As well as the Secure Hash Algorithm, the Advanced Encryption Standard (AES) is now also widely used to encrypt or decrypt data locally, often when over-the-air updates are implemented. Typically this requires at least one key, stored locally in secure non-volatile memory. Algorithms that use the same key for both encryption and decryption, as AES does, are referred to as symmetric key algorithms.
Many MCUs now support AES in order to allow code/data to be stored in external memory devices. Using encryption reduces the risk of attack through the code’s modification in the field. It is also used to authenticate devices when manufacturing is outsourced, as it can prevent cloning or over-manufacture.
Encryption is achieved using a number of specific steps, which can be implemented as functions in an MCU, often stored in firmware and invoked through an API. An example is the AES Bootloader from Atmel, which can run on its 8-bit AVR microcontrollers that have bootloader capabilities and at least 1 kbyte of SRAM. Figure 1 shows the encryption flowchart for the AES Bootloader.
Figure 1: A typical process flow for AES encryption, as performed by Atmel’s Bootloader.
Like SHA, AES acceleration is also now being implemented on a number of MCUs, from 8-bit to 32-bit, such as the AT97SC3204 from Atmel, which features the cryptographic accelerator engine (Figure 2). Another family of devices featuring hardware-accelerated AES decryption/encryption is the LPC18S family from NXP.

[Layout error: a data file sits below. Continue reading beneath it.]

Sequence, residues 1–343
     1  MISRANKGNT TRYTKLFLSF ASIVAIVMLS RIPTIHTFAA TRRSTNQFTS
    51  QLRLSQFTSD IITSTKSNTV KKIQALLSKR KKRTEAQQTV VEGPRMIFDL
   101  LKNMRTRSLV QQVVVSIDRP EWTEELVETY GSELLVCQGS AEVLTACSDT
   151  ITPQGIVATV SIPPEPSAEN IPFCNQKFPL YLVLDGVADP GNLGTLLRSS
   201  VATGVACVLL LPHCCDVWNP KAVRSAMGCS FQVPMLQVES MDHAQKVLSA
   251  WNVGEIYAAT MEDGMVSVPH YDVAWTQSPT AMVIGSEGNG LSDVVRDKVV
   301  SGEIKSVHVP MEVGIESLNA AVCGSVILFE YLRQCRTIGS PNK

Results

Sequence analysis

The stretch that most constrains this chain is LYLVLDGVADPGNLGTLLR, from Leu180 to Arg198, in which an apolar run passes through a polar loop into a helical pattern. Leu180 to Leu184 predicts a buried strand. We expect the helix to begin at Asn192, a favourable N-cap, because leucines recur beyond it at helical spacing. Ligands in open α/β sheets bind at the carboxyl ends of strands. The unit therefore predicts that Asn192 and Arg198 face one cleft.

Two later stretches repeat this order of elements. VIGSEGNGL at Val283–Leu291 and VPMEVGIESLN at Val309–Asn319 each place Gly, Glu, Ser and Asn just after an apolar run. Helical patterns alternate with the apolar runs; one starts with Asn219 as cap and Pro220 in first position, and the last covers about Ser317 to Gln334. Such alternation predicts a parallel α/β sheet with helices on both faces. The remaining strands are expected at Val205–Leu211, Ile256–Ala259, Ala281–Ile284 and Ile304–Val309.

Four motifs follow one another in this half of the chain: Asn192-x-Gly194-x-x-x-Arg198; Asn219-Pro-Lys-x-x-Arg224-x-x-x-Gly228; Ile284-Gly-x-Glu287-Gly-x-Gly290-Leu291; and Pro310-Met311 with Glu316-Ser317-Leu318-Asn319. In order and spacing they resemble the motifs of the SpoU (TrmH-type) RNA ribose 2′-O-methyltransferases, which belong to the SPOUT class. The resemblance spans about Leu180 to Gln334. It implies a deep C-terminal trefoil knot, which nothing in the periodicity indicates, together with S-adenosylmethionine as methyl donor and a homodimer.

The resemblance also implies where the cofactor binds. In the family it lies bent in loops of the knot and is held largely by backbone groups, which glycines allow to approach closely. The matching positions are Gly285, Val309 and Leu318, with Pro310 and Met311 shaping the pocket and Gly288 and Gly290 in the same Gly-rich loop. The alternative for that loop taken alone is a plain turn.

Another important aspect of AES encryption/decryption is key generation; in general, the longer the key the more secure the encrypted information. For this reason, many MCUs that support AES will also integrate a True Random Number Generator, but the FRAM-based MSP430FR5xx and MSP430FR6xx mixed-signal MCU families from Texas Instruments go further than this, to implement a true random number seed that is unique to each device. Another benefit of these devices is their ability to generate a new key for every session and store it in FRAM; the low power operation of FRAM makes it feasible to store a number more frequently in power-constrained devices (such as those powered by battery, as many IoT nodes are expected to be), while minimizing external detection of the process caused by power supply fluctuations that may be apparent to ‘snoopers’ when writing to traditional Flash memory.
The use of both SHA and AES has become relatively common in embedded systems that may have elevated risk of attack, or when outsourcing occurs in their manufacturing process. However, as the IoT brings down traditional barriers, the need for greater authentication in all embedded systems is likely to increase. Security has been repeatedly cited as one of the biggest concerns over the IoT; from safeguarding access to property, to keeping sensitive medical and/or biometric data secure, the need for greater vigilance now pervades all sectors.
The solution is not to reduce connectivity; that would hardly appear to be an option given the nature of the IoT. The solution is to make the connections more robust, by adding measures such as encryption and authentication. For this reason, semiconductor manufacturers will continue to implement greater security features in an increasing number of MCUs.